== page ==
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One of my lecturers once said:

People in the past were all dumb, crazy, and weird‘.
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I stumbled upon one tiny image.

My brain burst into emotions. I remembered getting chewed out by my boss for messing up with a client, being recruited by a secret underground organization, running a smalltime casino in a jazzy little port town, I remembered my good friend who drove me across the land in his madly upgraded company car, exposing corruption, swinging a scythe, and in the end finally getting on a train with the girl I had been chasing all that time. I got chills.

All that came from one single image…

Correct. I remembered Grim Fandango.

What if I could capture that in my art as well?, I started thinking.
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And so the dreaded holiday season is in full bloom again. Which means that… here comes the long awaited second demaskatory report of my Summer 2008 visit to the famous town of mystery and adventure – Rennes-le-Chateau, France. Sorry for having kept you waiting an entire year for this exciting climax. But now you’ll see just how much deeper did Gabriel Knight 3 manage to bury itself in its lies…


Part II: Behind The Fence

…its lies and factual errors. (more…)

Of late, the monthly adventure game studio competition or ‘MAGS’ has caught my eye. Participants take part my making a game with Chris Jones’s Adventure Game Studio engine in just one month – restricted by a specific theme set by the previous month’s winner. (more…)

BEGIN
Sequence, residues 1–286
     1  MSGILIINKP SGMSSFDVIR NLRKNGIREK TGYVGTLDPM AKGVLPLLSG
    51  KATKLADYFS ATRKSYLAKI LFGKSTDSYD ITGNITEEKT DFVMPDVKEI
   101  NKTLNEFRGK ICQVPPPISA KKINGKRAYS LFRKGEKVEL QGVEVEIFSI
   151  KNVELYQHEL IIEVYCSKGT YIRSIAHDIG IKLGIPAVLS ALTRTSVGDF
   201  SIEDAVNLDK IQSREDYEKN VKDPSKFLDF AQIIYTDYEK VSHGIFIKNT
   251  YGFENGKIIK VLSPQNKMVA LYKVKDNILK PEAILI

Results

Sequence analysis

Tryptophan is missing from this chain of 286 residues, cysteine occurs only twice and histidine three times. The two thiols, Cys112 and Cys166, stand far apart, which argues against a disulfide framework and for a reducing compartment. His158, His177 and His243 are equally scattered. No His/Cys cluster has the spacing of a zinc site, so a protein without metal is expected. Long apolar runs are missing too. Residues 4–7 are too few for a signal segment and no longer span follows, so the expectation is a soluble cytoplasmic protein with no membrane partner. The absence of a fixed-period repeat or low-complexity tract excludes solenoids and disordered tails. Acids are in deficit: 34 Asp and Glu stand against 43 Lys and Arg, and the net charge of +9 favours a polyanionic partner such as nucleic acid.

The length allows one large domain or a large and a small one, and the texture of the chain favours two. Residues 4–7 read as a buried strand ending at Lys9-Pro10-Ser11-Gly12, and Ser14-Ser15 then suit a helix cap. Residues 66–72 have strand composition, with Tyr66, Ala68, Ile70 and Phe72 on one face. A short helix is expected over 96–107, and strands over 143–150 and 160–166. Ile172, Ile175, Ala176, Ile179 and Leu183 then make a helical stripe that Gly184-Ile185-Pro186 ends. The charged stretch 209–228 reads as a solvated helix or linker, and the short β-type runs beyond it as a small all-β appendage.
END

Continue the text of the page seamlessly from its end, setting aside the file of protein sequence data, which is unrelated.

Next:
When playing an adventure game

there are many different factors that can make the experience an enjoyable one, some love puzzles, some the visuals, for me personally, it’s the story that has to be great, and a great story needs a great main character to drive it forward. (more…)

Hey folks! The guys from HardyDev invited me to write a remembrance from series of adventure game development tutorials that I have organized over the last few years at the Alpen-Adria Universität Klagenfurt, Austria. In these workshops I used Chris Jones’ AGS (Adventure Game Studio), which is a popular and powerful tool for creating your own adventure games.

Learning the ropes of AGS normally means working through heaps of online tutorials, endless browsing of special-interest forums or getting used to the good old trial-and-error principle. With this steep learning curve in mind it’s no wonder that hobby adventure developers are an exceedingly rare breed. So what if you could learn the basics of adventure game development together with peers in a hands-on workshop? (more…)

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I'm better than this at image editing. Honest.

There are many types of games. Many different ways to provide the player with a gaming experience. Each genre of game provides the player with a different route to a different experience, the gaming medium isn’t unified. (more…)

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